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Act for Better Child Care
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Tell it to Washington
"The Act for Better Child Care"
The Senate has passed a comprehensive bill (63-37) that is designed to help low-income families. obtain safe, affordable child care. The approved bill, Senate Bill 5, The Act for Better Child Care, popularly called the ABC bill, was sponsored by Senators Christopher J. Dodd (D-Conn.) and Orrin G. Hatch (R-Utah). Democratic senators Daniel K. Inouye and Spark M. Matsunaga voted for the bill.
The measure, which the League supports, will provide $1.75 billion in federal grants in fiscal year 1990 to the states to. help parents pay for child care, increase the availability of day care centers, and encourage states to set health and safety standards.
About $1.23 billion, or 70 percent of the ABC funds will be used by states to help low-income families pay for child care for children 13 and younger by direct payment vouchers or by reduced fees at subsidized child care facilities.
The states will be required to enact their own standards for health and safety of children in child care centers, family day care homes and group care homes. The standards must be established in three years. The bill establishes a National Committee on Mondel Standards and an incentive fund to provide grants to states that comply their standards to the model standards. Compliance is voluntary.
Twenty-two percent of ABC funds also will be available for resource and referral programs, state monitoring, licensing and inspection efforts, health and safety training for child care workers, improvements in child care salaries., and risk liability pools. The bill, also, will help to increase the availability of safe child care through grants and loans to establish or expand child care programs, by recruiting and training family day care providers, by helping set up after-school services and programs for "sick and homeless children, and help businesses with child care programs.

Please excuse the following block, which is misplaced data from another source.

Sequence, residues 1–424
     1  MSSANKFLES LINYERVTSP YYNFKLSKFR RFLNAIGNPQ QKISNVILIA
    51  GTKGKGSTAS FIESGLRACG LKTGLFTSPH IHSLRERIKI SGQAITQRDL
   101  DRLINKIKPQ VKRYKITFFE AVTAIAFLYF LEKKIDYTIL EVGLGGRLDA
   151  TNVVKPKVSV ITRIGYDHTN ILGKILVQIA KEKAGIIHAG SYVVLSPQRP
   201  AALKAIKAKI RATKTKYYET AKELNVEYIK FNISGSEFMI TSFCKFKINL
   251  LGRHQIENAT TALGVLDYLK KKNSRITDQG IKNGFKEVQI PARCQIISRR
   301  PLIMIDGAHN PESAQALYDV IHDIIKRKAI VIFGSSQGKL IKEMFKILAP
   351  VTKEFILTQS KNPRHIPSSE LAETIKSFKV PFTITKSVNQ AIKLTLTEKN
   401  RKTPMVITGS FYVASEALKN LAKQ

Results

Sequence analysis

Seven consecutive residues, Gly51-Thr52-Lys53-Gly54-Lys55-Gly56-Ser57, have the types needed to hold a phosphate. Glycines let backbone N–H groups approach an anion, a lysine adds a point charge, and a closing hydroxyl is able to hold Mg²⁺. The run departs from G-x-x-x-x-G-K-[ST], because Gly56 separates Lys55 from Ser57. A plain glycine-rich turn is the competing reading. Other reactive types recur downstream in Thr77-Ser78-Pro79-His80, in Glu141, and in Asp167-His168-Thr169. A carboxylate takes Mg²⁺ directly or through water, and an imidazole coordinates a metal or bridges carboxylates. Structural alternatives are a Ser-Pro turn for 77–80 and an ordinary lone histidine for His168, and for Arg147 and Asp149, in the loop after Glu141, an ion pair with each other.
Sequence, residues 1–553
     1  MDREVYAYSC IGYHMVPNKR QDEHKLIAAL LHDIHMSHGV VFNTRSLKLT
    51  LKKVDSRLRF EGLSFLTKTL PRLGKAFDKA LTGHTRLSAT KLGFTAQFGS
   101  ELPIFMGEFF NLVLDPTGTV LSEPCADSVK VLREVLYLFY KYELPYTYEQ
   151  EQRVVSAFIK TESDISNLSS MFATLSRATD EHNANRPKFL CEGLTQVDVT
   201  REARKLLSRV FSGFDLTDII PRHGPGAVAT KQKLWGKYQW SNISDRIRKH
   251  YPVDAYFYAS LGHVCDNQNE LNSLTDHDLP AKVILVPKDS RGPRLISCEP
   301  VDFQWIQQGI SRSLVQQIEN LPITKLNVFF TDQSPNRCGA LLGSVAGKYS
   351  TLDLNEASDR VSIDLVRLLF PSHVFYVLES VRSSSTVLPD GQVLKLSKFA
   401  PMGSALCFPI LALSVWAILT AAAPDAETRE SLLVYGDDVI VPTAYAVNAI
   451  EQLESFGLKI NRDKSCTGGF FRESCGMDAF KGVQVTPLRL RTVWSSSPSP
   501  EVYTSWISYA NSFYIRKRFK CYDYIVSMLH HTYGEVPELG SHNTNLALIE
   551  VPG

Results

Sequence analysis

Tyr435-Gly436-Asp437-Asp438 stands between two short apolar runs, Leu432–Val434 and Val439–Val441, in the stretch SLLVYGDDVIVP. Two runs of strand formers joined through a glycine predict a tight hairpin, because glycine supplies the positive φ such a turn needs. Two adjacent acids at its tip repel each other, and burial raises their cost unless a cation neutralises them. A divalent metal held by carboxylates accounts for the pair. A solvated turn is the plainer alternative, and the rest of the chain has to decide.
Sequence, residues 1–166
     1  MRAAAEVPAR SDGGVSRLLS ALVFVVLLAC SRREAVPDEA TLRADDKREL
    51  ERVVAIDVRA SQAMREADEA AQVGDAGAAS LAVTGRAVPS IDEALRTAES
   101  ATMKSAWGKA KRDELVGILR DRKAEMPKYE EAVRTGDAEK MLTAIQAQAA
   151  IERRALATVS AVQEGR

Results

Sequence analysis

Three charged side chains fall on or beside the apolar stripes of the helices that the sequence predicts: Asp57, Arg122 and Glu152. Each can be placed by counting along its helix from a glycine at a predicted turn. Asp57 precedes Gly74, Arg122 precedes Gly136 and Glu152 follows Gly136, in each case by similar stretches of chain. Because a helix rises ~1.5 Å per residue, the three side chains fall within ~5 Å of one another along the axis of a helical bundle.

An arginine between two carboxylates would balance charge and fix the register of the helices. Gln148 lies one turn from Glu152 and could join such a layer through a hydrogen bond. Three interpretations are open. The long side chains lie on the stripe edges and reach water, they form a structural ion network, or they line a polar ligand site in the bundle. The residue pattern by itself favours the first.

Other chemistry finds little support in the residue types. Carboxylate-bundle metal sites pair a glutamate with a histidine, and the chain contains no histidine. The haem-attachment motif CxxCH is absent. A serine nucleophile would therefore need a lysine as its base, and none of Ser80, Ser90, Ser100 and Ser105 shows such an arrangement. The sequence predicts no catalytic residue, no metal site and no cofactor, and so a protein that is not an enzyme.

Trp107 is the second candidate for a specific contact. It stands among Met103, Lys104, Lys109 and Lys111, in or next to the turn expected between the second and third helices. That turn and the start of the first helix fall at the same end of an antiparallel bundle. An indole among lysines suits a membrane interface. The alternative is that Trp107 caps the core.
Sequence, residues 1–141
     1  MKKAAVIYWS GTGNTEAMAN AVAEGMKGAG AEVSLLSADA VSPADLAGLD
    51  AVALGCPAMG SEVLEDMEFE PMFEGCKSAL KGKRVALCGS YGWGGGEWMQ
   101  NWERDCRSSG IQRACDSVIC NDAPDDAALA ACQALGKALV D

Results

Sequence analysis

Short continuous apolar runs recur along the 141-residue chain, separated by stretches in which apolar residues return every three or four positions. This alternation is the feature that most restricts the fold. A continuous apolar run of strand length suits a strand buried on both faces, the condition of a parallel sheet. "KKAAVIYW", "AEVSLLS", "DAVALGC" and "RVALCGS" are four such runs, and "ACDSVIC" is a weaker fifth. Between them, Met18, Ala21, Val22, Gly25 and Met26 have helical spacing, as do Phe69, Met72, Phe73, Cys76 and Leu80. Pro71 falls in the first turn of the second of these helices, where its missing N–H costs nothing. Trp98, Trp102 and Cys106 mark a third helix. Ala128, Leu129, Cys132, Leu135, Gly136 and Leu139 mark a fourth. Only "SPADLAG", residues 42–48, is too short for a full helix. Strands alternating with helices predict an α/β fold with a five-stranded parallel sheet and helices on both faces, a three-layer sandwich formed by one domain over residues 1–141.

The bill allows federal funds to be used for nonsectarian, religious-based child care, provided it does not violate the constitutional separation of church and state.
Head Start Authorization
The bill provides-$317 million more in fiscal year 1990 for the Head Start program, for a total of $1.55 billion.
Tax Credits The ABC bill will:
- Supplement the earned income tax credit for low-income families with young children: S.5 will provide low-income families. with children younger than 4 with additional income supplement. The supplement will go up to $750 a year for those families earning up to $13,000.
- Make the dependent tax credit refundable: Low-income families with little or no federal income tax liability can offset a portion of their own money for child care expenses.
- Provide a refundable tax credit for health insurance expenses:
The bill will provide up to $500 to low and moderate-income families to offset a portion of their own money for family health insurance expenses.
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